A thermophilic green sulfur bacterium from New Zealand hot springs, Chlorobium tepidum sp. nov.
- Cite this article as:
- Wahlund, T.M., Woese, C.R., Castenholz, R.W. et al. Arch. Microbiol. (1991) 156: 81. doi:10.1007/BF00290978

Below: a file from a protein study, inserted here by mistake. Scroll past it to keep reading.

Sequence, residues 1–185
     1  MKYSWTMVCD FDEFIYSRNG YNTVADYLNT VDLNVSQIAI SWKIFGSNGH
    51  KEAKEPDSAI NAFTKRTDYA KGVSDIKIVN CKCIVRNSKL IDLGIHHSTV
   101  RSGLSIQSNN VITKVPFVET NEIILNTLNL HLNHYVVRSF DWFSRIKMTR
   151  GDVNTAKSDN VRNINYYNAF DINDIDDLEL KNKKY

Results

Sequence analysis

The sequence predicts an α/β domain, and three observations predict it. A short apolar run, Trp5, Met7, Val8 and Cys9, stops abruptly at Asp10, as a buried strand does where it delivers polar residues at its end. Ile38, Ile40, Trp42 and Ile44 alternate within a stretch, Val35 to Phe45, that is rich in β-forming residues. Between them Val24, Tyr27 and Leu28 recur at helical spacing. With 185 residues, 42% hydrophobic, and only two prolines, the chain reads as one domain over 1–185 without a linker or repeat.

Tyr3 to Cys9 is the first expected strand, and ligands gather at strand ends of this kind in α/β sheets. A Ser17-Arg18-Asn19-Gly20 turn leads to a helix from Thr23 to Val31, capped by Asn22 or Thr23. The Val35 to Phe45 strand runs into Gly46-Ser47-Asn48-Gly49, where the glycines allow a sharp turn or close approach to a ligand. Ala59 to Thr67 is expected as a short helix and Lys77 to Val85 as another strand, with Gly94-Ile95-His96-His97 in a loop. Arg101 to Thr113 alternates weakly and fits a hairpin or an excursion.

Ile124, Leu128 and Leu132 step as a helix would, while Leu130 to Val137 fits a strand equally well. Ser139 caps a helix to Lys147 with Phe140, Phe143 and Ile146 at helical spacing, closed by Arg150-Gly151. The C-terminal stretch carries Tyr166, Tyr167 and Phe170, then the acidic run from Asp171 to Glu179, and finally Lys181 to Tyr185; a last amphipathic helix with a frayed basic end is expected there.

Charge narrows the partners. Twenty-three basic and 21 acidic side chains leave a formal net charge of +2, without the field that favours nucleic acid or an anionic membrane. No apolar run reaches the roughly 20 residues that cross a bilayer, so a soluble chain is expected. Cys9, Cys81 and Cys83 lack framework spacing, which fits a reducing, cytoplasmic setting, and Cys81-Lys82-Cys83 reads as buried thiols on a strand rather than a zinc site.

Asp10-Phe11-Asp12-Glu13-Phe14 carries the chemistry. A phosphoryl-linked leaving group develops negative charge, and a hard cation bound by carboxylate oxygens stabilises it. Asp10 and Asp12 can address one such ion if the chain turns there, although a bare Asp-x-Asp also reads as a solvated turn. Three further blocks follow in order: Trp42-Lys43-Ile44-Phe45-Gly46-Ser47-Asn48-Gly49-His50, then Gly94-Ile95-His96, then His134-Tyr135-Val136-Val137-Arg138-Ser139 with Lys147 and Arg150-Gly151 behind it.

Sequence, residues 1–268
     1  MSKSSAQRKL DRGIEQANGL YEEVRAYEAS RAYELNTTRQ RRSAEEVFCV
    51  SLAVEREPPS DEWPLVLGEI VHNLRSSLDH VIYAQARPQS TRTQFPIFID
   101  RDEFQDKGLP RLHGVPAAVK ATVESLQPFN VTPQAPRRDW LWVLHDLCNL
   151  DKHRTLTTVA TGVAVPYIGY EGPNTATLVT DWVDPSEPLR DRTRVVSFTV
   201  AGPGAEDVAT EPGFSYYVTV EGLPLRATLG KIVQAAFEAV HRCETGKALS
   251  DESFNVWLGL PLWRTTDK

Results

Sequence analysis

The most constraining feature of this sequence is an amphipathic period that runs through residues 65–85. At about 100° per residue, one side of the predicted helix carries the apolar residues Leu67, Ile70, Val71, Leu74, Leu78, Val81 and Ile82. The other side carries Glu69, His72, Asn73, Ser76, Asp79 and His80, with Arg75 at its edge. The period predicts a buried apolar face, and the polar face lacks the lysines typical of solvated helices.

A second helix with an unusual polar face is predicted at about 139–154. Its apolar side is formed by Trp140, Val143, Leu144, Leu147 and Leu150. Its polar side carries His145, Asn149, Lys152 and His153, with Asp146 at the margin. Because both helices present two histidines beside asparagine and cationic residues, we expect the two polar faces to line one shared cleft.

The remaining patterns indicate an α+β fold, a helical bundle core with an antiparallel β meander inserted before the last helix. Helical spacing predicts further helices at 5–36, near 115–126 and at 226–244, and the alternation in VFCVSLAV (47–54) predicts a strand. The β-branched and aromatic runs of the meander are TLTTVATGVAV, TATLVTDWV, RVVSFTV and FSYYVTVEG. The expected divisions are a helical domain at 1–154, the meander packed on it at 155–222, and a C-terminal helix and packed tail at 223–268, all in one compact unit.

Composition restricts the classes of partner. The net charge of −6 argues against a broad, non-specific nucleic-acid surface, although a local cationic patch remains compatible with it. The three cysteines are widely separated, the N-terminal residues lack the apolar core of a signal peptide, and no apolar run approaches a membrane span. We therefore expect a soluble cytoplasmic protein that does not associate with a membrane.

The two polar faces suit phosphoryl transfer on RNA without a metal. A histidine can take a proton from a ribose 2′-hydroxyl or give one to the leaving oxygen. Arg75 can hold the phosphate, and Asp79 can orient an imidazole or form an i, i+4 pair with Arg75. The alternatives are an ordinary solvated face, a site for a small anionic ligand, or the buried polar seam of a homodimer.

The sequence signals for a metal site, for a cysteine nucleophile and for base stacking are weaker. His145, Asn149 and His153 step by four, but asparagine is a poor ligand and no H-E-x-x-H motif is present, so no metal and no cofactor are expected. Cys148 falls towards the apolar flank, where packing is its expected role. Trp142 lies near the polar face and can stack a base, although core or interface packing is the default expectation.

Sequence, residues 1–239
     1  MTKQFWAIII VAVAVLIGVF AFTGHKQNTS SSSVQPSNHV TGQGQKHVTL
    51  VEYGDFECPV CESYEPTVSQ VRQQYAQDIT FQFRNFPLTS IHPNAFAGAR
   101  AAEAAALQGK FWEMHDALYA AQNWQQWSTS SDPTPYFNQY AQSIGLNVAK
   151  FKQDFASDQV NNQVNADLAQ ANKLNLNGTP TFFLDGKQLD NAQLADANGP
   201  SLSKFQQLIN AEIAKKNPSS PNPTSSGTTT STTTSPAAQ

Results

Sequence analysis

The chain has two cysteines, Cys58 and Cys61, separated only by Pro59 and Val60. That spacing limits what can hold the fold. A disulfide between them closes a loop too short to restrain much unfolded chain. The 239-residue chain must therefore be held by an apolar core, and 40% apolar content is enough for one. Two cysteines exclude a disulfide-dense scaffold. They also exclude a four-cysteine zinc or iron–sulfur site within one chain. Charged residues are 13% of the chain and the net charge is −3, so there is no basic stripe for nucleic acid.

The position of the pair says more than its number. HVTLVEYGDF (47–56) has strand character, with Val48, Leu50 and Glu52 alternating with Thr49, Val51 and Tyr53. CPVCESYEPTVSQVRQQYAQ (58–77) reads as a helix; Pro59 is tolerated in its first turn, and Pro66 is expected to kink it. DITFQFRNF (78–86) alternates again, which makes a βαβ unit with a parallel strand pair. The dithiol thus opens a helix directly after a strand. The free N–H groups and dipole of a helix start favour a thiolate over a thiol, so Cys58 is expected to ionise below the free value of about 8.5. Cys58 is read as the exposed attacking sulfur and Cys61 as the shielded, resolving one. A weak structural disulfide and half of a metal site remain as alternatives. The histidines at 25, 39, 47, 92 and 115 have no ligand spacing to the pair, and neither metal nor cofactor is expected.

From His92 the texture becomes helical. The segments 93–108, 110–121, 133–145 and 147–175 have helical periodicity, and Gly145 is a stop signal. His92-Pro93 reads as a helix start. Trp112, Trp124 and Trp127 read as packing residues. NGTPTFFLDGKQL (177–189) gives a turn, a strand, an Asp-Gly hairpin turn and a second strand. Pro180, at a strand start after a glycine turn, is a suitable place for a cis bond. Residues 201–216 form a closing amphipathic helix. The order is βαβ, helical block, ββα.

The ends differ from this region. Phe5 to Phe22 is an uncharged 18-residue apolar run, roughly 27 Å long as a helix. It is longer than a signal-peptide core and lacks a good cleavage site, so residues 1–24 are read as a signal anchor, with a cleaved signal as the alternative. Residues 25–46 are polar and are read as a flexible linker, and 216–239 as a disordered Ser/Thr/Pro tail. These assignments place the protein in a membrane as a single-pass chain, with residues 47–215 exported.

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Thermophilic green sulfur bacteria of the genus Chlorobium were isolated from certain acidic high sulfide New Zealand hot springs. Cells were Gram-negative nonmotile rods of variable length and contained bacteriochlorophyll c and chlorosomes. Cultures of thermophilic chlorobia grew only under anaerobic, phototrophic conditions, either photoautotrophically or photoheterotrophically. The optimum growth temperature for the strains of thermophilic green sulfur bacteria isolated was 47–48°C with generation times of about 2 h being observed. The upper temperature limit for growth was about 52°C. Thiosulfate was a major electron donor for photoautotrophic growth while sulfide alone was only poorly used. N2 fixation was observed at 48°C and cell suspensions readily reduced acetylene to ethylene. The G+C content of DNA from strains of thermophilic chlorobia was 56.5–58.2 mol% and the organisms positioned phylogenetically within the green sulfur bacterial branch of the domain Bacteria. The new phototrophs are described as a new species of the genus Chlorobium, Chlorobium tepidum.